Beef and dairy sectors need to be ‘prioritised’ in Brexit negotations
Calls have been made for the prioritisation of the Irish beef and dairy sectors in the upcoming Brexit negotiations.
Yesterday, the UK government formally began exit or ‘divorce’ proceedings from the EU as it presented the signed Article 50 document to the European Council President Donald Tusk.
This could clear the way for a UK exit in March 2019.
On the back of this, two separate IBEC groups, the Irish Dairy Industries Association (IDIA) and Meat Industry Ireland (MII) have called on the Irish Government to make their respective sectors a key priority in the upcoming negotiations.
Speaking after the triggering of Article 50, IDIA Director, Conor Mulvihill, said: “Irish diary is the fastest growing agri-food industry in the EU and provides much-needed jobs right across rural Ireland”.
“It is a global leader in specialised nutrition in the sports, wellness and infant sector. Brexit, however, poses a clear and present threat to this success.
“Disruption to trade between Ireland and the UK has already begun, due to currency pressures,” he added.
“Already this year 10,000t less of cheddar have been delivered to the UK by Irish companies, compared to this time last year,” he said.
To safeguard diary supply chains and the flow of dairy products into the future, the IDIA said the Brexit negotiations must:
- Deliver free and unfettered access to the UK market for Ireland;
- Take account of the special case of the all-island economy, and ensure that highly-integrated supply chains can continue to operate with free movement of goods and services;
- Include transitional arrangements, of sufficient length for businesses to plan and prepare for any new free-trade agreement;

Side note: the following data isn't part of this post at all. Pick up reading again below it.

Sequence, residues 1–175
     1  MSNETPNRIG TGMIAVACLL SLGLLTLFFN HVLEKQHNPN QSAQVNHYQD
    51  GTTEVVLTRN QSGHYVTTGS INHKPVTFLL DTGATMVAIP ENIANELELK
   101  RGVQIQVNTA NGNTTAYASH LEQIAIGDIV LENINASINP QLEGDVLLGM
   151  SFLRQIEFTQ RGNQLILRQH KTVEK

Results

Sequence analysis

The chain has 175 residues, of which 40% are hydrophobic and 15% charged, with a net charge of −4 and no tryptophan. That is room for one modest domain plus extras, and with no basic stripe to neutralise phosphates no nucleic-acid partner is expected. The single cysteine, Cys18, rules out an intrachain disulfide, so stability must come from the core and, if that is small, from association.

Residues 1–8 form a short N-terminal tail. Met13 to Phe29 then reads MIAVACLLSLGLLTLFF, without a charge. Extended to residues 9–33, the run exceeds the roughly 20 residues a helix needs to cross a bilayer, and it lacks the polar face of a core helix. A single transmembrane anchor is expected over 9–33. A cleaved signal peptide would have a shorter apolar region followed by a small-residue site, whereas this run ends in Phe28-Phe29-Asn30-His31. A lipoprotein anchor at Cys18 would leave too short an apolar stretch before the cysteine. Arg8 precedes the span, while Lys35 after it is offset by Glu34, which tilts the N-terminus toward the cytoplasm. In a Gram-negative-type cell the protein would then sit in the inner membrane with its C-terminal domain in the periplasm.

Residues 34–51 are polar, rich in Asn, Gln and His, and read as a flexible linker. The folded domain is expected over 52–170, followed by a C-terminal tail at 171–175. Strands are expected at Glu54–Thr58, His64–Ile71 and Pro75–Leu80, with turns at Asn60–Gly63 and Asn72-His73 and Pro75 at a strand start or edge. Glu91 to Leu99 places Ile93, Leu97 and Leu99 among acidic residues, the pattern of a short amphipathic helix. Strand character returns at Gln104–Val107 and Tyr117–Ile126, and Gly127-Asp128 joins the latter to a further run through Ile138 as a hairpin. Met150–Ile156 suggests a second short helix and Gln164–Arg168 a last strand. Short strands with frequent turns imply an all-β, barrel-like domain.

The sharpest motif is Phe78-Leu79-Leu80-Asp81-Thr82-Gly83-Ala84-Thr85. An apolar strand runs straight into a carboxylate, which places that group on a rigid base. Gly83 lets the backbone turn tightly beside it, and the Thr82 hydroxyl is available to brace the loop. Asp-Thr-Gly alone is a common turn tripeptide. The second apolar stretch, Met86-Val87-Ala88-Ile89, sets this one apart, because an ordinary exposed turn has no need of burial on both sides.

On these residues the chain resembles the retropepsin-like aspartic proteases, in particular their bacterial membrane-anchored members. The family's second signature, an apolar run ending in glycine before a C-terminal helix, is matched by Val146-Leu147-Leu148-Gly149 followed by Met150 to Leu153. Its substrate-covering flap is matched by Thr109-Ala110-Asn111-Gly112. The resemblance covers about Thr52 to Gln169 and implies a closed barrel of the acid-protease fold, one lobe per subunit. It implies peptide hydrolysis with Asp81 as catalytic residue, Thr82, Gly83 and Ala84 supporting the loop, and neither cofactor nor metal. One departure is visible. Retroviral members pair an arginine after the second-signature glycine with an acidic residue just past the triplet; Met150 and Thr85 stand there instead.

- Ensure the issue of customs procedures is dealt with as part of the first phase of Article 50 negotiations.
The IDIA also warned against the danger of no new trade deal and a default to WTO trade terms.
“WTO tariffs are set at a punitive €1,671 per tonne for cheddar cheese. This would amount to an additional minimum of €130m per year in costs for Irish exporting companies.
“A WTO tariff cliff edge would be disastrous for the industry, as the UK represents the only viable market for Irish cheddar,” he said.
Mulvihill added that supply chains between Ireland and the UK are deeply integrated, with strong north/south and east/west ties on these islands.
The imposition of a hard border would fracture the milk pool here, and would cause untold problems for our hard-fought international reputation as a global leader in this sector.
“It is essential that our Government acts now to maintain certainty and clarity over regulations, rules of origin, and food safety for Irish dairy products,” he said.
56% of Ireland’s meat exports sold to the UK
In addition, MII Director Cormac Healy also highlighted the critical importance of maintaining business certainty during Brexit negotiations.
56% of our meat exports – accounting for in excess of €2 billion annually – are sold into the UK market.
“A positive outcome to negotiations is crucial. A hard Brexit will result in massive trade disruption and job losses whereas a sensible outcome, aimed at maintaining trading continuity, will be beneficial to both Ireland and the UK,” he said.
The EU-27 negotiating mandate must ensure:
- Future trading relations with the UK are high on the priority list;
- Trade negotiations must start at the earliest opportunity and run in tandem with the exit negotiations;
- A realistic transition period, leading to a negotiated free-trade agreement with the UK, must be delivered to avoid damaging ‘cliff-edge’ scenarios and to ensure business certainty in the interim.
Healy added that, amongst our EU-27 partners, Ireland is uniquely exposed on its agri-food trade with the UK.
“This must be prioritised by Government.
“IBEC and MII are working with all of our members to ensure that they are adequately equipped to deal with the immediate challenges of Brexit and plan for future trading eventualities,” he concluded.